“If we are to have peace, we need to learn about other cultures.” Also, she added: “The education of women in the world is a great step to saving the world.”
Representing the AFS Youth Workshop and Symposium, Chernor Bah, the youth representative on the High-Level Steering committee for the UN Secretary General’s Global Education First Initiative, pressed the speakers to explore specific actions that learning to live together require, while questioning who sets the agenda for educating global citizens and what values should prevail in this process. During his remarks, Bah also underscored the importance of education, adding that a “lack of opportunity in the world leads to extremism.”
That may be why “the greatest global citizens are small children,” said Andreas Schleicher, head of the Program for International Student Assessment (PISA) at the Organization for Economic Co-operation and Development. Responding to that comment, David Blythe of AFS International tweeted, “Andreas Shleicher is right. They haven’t learned to hate.”
As promised, the panelists offered some concrete steps to help turn ideas into action. The audience was elated to hear Mr. Shleicher announce that PISA 2018 will “judge schools on how they educate youth to be global citizens.”
Impressed with the advocacy of young people in this field, Éric Falt, Assistant Director-General at UNESCO encouraged them to do more: “Youth are not challenging the establishment enough,” said Mr. Falt. “Young people must join the ranks of policy makers and start influencing decisions directly.”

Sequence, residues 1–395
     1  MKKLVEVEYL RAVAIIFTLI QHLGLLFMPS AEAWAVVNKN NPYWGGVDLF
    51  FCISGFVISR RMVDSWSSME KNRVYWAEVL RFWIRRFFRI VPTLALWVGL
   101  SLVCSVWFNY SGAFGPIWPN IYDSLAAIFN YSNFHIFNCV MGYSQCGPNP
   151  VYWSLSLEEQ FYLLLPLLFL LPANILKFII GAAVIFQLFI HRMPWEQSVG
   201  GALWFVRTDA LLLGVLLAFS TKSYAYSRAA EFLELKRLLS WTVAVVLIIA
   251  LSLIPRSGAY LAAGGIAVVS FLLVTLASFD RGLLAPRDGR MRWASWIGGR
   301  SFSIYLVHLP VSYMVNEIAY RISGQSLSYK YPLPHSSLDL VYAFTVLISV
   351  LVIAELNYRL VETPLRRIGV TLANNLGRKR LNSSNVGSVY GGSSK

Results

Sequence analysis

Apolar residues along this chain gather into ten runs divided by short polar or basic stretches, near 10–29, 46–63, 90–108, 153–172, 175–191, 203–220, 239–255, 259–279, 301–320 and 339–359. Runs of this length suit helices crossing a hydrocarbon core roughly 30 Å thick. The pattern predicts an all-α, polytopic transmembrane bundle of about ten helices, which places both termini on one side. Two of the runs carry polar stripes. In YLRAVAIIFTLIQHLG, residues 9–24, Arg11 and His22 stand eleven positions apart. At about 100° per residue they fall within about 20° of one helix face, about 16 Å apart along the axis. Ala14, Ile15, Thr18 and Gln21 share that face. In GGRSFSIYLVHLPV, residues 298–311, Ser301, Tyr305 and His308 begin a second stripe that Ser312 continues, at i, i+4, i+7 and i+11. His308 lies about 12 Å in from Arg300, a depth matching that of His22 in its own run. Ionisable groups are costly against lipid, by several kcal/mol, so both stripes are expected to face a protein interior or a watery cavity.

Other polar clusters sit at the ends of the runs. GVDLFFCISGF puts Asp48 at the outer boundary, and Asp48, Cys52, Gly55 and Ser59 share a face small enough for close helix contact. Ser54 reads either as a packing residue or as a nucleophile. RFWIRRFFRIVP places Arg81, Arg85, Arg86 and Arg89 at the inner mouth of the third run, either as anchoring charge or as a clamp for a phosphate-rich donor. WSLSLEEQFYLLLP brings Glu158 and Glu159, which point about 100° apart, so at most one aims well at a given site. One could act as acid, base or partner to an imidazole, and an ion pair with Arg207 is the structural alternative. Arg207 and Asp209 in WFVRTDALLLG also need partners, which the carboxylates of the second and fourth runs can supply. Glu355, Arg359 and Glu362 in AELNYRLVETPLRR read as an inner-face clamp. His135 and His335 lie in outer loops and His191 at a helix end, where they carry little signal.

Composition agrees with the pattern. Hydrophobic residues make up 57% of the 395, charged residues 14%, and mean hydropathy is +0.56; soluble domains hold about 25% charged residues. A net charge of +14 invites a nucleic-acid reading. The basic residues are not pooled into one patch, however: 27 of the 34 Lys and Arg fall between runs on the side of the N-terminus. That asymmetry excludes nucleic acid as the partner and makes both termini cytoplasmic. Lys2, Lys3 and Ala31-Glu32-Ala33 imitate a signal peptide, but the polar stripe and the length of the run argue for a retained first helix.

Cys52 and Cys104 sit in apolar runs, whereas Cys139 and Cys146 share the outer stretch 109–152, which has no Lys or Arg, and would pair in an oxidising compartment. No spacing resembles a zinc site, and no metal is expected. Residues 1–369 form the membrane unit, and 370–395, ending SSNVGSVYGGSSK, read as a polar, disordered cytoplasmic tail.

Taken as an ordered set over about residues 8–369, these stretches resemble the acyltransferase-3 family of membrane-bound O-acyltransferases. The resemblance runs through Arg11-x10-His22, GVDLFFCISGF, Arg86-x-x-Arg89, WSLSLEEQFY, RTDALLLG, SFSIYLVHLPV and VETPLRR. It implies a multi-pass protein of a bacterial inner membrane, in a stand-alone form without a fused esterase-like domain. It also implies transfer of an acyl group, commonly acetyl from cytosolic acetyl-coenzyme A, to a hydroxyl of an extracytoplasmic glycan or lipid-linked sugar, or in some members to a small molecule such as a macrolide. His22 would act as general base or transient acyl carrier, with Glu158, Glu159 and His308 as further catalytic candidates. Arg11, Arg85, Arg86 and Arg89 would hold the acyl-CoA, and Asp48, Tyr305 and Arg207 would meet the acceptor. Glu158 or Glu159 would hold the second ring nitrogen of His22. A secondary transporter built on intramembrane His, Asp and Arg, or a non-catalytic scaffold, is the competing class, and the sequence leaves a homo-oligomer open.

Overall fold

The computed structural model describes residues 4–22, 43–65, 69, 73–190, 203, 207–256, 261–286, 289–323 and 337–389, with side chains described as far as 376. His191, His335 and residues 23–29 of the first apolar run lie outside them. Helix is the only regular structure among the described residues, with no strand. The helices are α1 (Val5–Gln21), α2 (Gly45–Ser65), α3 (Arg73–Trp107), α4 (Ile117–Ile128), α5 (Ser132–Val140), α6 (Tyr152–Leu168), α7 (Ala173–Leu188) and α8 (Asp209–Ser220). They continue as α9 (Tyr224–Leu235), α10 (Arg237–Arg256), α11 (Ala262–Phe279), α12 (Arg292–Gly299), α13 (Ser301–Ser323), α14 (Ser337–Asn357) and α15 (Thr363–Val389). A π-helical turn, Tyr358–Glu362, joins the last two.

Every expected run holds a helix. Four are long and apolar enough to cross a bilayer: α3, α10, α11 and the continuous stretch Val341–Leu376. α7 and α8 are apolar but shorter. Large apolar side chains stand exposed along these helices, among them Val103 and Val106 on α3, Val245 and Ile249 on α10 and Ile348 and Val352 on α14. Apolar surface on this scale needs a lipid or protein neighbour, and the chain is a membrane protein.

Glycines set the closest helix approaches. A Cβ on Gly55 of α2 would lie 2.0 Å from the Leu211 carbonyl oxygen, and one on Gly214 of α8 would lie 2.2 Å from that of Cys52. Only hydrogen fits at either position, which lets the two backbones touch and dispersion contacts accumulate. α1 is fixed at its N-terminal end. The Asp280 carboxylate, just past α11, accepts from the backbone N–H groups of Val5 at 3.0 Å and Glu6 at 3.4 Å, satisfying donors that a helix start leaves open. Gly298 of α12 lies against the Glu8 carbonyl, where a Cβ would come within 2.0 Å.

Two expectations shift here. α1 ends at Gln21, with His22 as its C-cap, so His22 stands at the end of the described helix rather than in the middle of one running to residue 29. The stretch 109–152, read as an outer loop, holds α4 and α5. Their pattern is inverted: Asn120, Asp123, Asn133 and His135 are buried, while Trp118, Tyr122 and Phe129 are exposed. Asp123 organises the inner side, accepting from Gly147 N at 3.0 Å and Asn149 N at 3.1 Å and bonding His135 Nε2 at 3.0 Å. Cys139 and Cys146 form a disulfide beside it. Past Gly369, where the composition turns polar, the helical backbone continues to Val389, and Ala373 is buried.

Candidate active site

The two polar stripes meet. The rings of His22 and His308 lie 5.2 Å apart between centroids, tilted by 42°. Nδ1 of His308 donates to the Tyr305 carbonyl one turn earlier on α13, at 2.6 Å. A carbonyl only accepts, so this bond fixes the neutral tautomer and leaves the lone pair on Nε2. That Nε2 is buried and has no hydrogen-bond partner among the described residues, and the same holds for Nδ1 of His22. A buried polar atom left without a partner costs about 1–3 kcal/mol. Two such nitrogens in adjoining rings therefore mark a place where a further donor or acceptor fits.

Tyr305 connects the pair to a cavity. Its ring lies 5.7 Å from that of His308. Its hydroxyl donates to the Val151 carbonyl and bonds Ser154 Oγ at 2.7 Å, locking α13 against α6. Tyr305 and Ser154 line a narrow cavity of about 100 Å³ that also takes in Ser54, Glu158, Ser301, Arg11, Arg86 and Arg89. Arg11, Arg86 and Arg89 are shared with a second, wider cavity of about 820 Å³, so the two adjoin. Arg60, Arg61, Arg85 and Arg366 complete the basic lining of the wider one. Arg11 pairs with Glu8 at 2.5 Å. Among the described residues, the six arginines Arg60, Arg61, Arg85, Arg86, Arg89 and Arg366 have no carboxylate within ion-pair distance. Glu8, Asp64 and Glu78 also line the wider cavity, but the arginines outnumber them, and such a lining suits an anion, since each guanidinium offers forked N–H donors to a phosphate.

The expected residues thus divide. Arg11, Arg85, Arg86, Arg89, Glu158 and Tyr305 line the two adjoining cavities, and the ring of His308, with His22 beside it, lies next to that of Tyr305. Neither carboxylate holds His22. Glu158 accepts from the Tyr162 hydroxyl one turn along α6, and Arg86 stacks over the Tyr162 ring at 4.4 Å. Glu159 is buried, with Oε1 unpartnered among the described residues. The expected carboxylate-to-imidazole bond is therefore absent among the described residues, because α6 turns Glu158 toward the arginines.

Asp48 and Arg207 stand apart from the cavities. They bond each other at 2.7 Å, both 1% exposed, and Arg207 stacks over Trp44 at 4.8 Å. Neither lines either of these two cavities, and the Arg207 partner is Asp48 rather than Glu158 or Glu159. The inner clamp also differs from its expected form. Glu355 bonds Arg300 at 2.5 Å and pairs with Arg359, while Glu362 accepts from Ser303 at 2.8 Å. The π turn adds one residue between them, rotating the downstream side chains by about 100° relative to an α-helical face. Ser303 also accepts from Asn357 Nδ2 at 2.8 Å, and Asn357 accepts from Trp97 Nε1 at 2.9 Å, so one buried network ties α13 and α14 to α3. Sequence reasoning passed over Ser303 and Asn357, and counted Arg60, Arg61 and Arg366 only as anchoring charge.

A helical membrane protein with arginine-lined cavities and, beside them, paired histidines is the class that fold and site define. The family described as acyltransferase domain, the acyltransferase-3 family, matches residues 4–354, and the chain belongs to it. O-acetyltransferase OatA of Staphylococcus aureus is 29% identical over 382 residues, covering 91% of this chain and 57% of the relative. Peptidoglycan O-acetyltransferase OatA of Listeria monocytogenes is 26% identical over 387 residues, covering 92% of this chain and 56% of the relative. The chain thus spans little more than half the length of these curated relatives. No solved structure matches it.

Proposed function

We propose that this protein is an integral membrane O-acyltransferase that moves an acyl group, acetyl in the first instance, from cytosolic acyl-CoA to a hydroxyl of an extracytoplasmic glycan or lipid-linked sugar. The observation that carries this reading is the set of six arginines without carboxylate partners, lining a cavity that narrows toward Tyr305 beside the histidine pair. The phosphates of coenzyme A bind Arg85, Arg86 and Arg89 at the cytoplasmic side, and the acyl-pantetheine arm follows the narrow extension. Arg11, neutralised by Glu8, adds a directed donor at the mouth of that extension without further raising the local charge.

J. Brian Atwood, Chair of Global Policy Studies at the University of Minnesota and former Administrator of the U.S Agency for International Development (USAID), sent a very clear message to global leaders: “Politicians need to stop demonizing others to win votes,” if they are serious about tackling international challenges.
And what advice did the panel have for everyday citizen changemakers striving to make a difference in the communities or across the globe?
Roberto Ruffino provided words of inspiration by telling the story of how AFS transformed itself to make a difference. “Within a century that has transformed our planet into a global village, AFS has carved a new identity, from a humanitarian organisation on the battlefields of France to an [international] network of partners dedicated to intercultural education worldwide,” explained Mr. Ruffino.
“For a hundred years, in different ways,” he added, “AFS has tried to overcome borders: borders turned into front-lines, political borders between nations, cultural and linguistic borders, borders that exist in the minds of people. This is the outstanding contribution of the American Field Service to life and education for the 21st century.”
In closing, facilitator Vishakha Desai, Special Advisor for Global Affairs at Columbia University and President Emerita of the Asia Society, encouraged everyone in the audience to think differently about their own efforts.
“Be the change you want to see in the world. That is, my friends, what we are all about,” advised Dr. Desai. “If you think you’re too small to make an impact, try to fall asleep with a mosquito in your room.”